Food allergies are problems that plague both patients and medical professionals, including medical assistants. Eight food groups account for about 90 percent of food allergy-related reactions: peanuts, milk, eggs, soy, tree nuts, fish, wheat and shellfish.1 According to the Food Allergy Research and Education group, about 15 million Americans suffer from food allergies, including 1 in 13 children. 1
Peanut patch shows encouraging results
Researchers from Mount Sinai Hospital in New York reported at the annual American Academy of Allergy, Asthma, and Immunology meeting that a new skin patch may help protect against peanut allergies. The skin patch desensitizes patients to their allergy by introducing them to small amounts of the allergen.2 According to Dr. Hugh Sampson, director of the Jaffe Food Allergy Institute at Mount Sinai.and his fellow scientists, discovered this treatment will lessen the severity of an allergic reaction and will allow those suffering from a peanut allergy to not worry about eating traces of the allergen in restaurants or packaged food.2 After a year, 50 percent of participants wearing the highest dose patch (250 micrograms containing peanut protein) were able to consume the equivalent of four peanuts without a reaction.2
Although, this patch could potentially be a life-saving development for people with food allergies, it may be years before the patch is approved for consumers. However, with unlabeled allergens in food products being the leading cause of food recalls, according to the FDA, the skin patch and its results show promise.3
Genetics play a large role
Something that cannot be prevented are a person’s genes. The Asthma and Allergy Foundation of America says that a child has a 75 percent chance of having an allergy if both parents have it.4 Additionally, if one parent or relatives from one side of the family has allergies, the child has a 50 percent chance of developing them.4
Allergy diagnoses take into consideration a person’s family history, as well as results of a physical exam and sensitivity testing for specific allergens.
Preventive diet could help children’s allergies
According to Dr. Kari Nadeau, the director of the Sean N. Parker Center for Allergy Research at Stanford University, introducing certain allergens to a child’s diet can actually prevent food allergies.5 She quoted a 2015 study published in the New England Journal of Medicine, that showed an early introduction of peanuts decreased the risk of the development of a peanut allergy.5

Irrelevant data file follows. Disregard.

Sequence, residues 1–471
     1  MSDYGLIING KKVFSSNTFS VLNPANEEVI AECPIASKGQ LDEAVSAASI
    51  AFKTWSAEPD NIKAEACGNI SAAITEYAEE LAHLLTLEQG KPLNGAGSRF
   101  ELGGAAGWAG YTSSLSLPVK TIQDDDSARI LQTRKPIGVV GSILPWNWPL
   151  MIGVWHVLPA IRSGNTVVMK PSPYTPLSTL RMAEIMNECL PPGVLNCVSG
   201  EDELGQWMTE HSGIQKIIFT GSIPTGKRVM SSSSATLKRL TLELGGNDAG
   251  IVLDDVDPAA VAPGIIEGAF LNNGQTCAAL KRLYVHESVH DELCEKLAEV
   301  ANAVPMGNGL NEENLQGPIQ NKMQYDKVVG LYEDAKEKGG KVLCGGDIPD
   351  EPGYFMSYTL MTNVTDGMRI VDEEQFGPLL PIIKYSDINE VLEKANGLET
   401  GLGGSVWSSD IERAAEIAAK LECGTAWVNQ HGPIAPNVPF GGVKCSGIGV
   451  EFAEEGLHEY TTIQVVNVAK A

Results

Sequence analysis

Scientists around the world are starting to use oral immunotherapy as a way to treat food allergies. By giving patients increasingly larger amounts of an allergen, doctors are able to build up a person’s immunity to certain foods.5
Food allergies affect millions of people around the world. Luckily, scientists are actively researching ways to decrease the symptoms associated with these reactions. For medical health professionals, including medical assistants and pharmacy technicians, it is beneficial to monitor a patient’s allergy and devise a plan that will attempt to eliminate the occurrences of a reaction. With a prescribed allergen plan plus additional research into cures for the condition, health care professionals can help patients avoid triggers.
1“Facts and Statistics” Food Allergy Research and Education” 2015. http://www.foodallergy.org/facts-and-stats
2“Skin patch may protect against life-threatening peanut allergy” Linda Carroll, NBC News, Feb. 22, 2015. http://www.today.com/health/peanut-patch-may-protect-against-life-threatening-allergy-t4671
3“Finding Food Allergens Where They Shouldn’t Be” FDA, Feb. 12, 2015. http://www.fda.gov/ForConsumers/ConsumerUpdates/ucm416577.htm
4“Allergy testing for children” Asthma and Allergy Foundation of America. 2005. http://www.aafa.org/display.cfm?id=9&sub=20&cont=278
5“Millions in the U.S. impacted by food allergies, but a cure may be on the horizon” Cat Wise, PBS NewsHour, May 11, 2015. http://www.pbs.org/newshour/updates/diet-food-allergies/